Bathing the penis, and particularly its glans, will often relieve, by communicating the relaxation to the vessels above, the only way in which injections can be useful; and warm brandy, or other stimulant applications to the perinaeum,willbe often beneficial. A blister to that part, removed before any of the cantharides can be absorbed, is equally effectual. A starch clyster, with opium, may be considered as an external application, since it is external to the part affected, and often almost immediately relieves.
Internally, opium and camphor are highly useful. The cooling power of the latter is very soon felt in the urinary organs, and it appears to be quickly effectual. In the form of Dover's powder we have found the opium particularly useful. Cooling laxatives and diuretics, which operate without any stimulus, particularly the neutral purging salts, often relieve. Nitre, which seems in almost every view useful, is suspected of sometimes irritating the neck of the bladder. If employed, it should be given in small quantities, copiously diluted, and generally with camphor. Oil has been recommended, and particularly olive oil, as a laxative; but is is not peculiarly beneficial: the balsams, except in chronic dysury, from weakness, are generally injurious. When dysury arises from caruncles, bougies are necessary.
In the chronic dysury, after other means fail, a salivation excited by the use of mercury has succeeded; and an issue in the inside of one thigh, a little above the knee, is said to have prevented the return, or at least rendered relapses very moderate; and this effect may, perhaps, follow, if the disease arises from gout. When the patient is too weak to admit of salivation, a dose of the uva ursi may be taken every morning, and after it half a pint of lime water, mixed with a strong decoction of the great water-dock root. The uva ursi, however, though warmly recommended in this complaint, has seldom succeeded in our hands, and never except it be taken in enormous doses.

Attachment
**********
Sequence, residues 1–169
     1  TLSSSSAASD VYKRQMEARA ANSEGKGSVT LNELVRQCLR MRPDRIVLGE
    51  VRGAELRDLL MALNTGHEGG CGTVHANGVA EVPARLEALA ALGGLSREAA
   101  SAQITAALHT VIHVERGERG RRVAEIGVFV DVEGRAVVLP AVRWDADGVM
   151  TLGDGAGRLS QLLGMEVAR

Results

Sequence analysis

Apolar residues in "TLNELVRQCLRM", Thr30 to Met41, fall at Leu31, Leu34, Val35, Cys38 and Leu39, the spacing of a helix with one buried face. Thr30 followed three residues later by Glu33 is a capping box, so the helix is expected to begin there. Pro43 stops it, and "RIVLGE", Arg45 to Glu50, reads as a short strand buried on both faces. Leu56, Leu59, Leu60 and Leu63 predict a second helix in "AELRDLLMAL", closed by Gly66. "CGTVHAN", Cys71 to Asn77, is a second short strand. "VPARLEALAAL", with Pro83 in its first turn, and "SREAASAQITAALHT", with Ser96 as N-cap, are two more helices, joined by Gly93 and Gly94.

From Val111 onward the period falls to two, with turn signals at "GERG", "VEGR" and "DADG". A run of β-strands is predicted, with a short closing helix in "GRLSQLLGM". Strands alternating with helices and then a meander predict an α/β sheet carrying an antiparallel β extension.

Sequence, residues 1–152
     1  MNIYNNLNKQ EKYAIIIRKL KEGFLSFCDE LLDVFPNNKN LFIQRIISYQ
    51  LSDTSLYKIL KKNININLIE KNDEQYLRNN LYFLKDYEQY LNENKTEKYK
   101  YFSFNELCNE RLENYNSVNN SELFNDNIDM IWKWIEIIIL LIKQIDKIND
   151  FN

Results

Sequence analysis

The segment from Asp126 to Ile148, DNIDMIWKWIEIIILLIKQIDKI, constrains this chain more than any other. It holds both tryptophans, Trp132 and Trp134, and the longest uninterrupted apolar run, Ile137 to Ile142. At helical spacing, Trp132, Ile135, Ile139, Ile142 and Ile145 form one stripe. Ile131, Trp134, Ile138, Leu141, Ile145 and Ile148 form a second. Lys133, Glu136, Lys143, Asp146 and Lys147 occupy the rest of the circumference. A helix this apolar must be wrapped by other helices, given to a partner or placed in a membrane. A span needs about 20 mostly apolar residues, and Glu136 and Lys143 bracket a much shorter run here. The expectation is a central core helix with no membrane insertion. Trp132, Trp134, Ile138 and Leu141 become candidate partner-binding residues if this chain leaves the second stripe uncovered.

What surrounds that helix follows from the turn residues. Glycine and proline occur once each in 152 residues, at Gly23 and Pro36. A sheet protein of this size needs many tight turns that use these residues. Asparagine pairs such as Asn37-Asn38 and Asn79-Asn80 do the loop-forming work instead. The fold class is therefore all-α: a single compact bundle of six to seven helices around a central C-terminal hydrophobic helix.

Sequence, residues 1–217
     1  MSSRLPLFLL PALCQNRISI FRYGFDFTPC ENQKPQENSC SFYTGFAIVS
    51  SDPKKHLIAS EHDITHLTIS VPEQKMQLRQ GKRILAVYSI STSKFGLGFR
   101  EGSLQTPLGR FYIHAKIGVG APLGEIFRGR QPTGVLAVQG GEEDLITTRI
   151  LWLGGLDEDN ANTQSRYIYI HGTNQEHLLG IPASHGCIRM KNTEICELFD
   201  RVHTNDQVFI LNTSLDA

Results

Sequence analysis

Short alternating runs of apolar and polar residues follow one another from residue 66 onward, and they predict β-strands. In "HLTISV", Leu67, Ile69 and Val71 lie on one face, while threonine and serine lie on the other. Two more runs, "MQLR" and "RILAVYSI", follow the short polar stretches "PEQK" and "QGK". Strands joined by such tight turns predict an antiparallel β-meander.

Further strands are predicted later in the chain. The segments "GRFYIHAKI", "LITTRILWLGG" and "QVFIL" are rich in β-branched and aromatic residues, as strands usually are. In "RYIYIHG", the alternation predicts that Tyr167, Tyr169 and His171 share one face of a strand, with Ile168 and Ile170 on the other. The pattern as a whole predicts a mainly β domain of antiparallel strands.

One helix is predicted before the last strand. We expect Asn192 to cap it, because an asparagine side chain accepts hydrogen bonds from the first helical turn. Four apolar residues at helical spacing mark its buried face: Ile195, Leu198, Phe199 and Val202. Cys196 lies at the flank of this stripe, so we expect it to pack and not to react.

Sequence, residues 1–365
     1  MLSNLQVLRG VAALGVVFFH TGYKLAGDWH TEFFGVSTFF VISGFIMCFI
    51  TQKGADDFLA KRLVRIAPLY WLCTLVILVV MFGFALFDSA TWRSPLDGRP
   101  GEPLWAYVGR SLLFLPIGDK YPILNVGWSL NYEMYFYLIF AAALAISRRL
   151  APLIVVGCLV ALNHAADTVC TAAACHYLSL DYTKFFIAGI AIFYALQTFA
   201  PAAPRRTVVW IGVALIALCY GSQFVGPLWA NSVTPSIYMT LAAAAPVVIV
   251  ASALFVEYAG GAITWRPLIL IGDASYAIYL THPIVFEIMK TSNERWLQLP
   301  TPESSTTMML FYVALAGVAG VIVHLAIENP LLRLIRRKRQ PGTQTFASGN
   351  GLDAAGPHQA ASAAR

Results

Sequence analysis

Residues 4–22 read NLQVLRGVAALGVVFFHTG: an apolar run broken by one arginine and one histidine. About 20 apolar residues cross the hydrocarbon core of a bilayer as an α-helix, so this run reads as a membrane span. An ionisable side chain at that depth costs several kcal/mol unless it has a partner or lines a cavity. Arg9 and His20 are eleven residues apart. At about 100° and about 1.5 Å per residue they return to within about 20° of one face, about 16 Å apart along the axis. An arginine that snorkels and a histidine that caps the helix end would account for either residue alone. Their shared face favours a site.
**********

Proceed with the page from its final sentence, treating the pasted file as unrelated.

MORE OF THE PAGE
Dr. Percival observes, that there is a species of chronic dysury to which persons of an arthritic or scorbutic habit, and who have passed the meridian of life, are peculiarly liable. It is often mistaken for the stone, and aggravated by the use of lithontriptics. He adds, that it hath many symptoms in common with that disorder: such as frequent and urgent calls to make water; pain at the extremity of the urethra; a mucous discharge; tenesmus, and sometimes a suppression of urine. But the patients who labour under it feel no uneasy weight in the perinaeum, and always void their water with much less difficulty in an erect than in a horizontal posture. The complaint, also, may be further distinguished from the stone, by having shorter intervals of ease; by more frequently injuring the retentive power of the bladder; and by occasioning no sudden interruption to the stream of urine in the absence of pain. It seems to arise from a catarrh on, and increased sensibility of, the coats of the bladder, as we have already explained. The efforts to discharge the urine should, however, be restrained as much as possible, because they increase the pain and irritation. Of all the remedies which Dr. Percival tried, he says that mercury was the most successful; it seldom failed to afford re lief, and generally cured, if administered with perseverance and in sufficient quantity. According to the urgency of the case, one, two, or three scruples of the ung. hydrargyri fortius should be rubbed into the thighs every night,till a slight ptyalism ensues: the symptoms for the most part abate before the spitting comes on; and after it has continued a little while, they disappear. Sometimes, in slighter cases, he advises half a grain of calomel, with two grains of James's fever powder, twice a day; and this small dose of mercury, if duly continued, will effect a cure, without producing any salivation, or even soreness of the mouth. In such cases, however, an affection of the prostate gland may be suspected to have been the cause; and it so frequently occasions chronic dysury, that its state should be always ascertained by examination, if chronic dysury is obstinate. See Lond. Med. Journ, vol. iv. p. 69.
Violent heat in the urinary passages of women has been cured by the use of the bark.
See the authors under the article Ischuria; Biss's Essays; Lobb on Painful Distempers; Gooch's Cases and Remarks, vol. ii.